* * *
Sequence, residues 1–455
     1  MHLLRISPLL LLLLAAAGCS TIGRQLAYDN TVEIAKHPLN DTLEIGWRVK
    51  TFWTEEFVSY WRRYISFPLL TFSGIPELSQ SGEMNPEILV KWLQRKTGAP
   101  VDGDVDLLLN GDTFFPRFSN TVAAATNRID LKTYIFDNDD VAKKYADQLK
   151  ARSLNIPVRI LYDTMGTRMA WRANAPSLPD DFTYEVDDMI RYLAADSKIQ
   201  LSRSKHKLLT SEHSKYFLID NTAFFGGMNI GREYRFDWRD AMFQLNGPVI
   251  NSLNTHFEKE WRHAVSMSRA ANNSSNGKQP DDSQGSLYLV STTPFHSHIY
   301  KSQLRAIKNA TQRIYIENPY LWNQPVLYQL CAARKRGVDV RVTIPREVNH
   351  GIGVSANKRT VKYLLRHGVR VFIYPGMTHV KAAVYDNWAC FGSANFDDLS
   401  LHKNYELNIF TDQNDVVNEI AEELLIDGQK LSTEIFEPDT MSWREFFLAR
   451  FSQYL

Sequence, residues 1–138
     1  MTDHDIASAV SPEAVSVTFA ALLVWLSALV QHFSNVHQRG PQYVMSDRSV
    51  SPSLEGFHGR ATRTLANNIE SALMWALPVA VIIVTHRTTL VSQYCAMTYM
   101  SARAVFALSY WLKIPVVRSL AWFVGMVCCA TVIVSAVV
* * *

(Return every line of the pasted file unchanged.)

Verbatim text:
Sequence, residues 1–455
     1  MHLLRISPLL LLLLAAAGCS TIGRQLAYDN TVEIAKHPLN DTLEIGWRVK
    51  TFWTEEFVSY WRRYISFPLL TFSGIPELSQ SGEMNPEILV KWLQRKTGAP
   101  VDGDVDLLLN GDTFFPRFSN TVAAATNRID LKTYIFDNDD VAKKYADQLK
   151  ARSLNIPVRI LYDTMGTRMA WRANAPSLPD DFTYEVDDMI RYLAADSKIQ
   201  LSRSKHKLLT SEHSKYFLID NTAFFGGMNI GREYRFDWRD AMFQLNGPVI
   251  NSLNTHFEKE WRHAVSMSRA ANNSSNGKQP DDSQGSLYLV STTPFHSHIY
   301  KSQLRAIKNA TQRIYIENPY LWNQPVLYQL CAARKRGVDV RVTIPREVNH
   351  GIGVSANKRT VKYLLRHGVR VFIYPGMTHV KAAVYDNWAC FGSANFDDLS
   401  LHKNYELNIF TDQNDVVNEI AEELLIDGQK LSTEIFEPDT MSWREFFLAR
   451  FSQYL

Sequence, residues 1–138
     1  MTDHDIASAV SPEAVSVTFA ALLVWLSALV QHFSNVHQRG PQYVMSDRSV
    51  SPSLEGFHGR ATRTLANNIE SALMWALPVA VIIVTHRTTL VSQYCAMTYM
   101  SARAVFALSY WLKIPVVRSL AWFVGMVCCA TVIVSAVV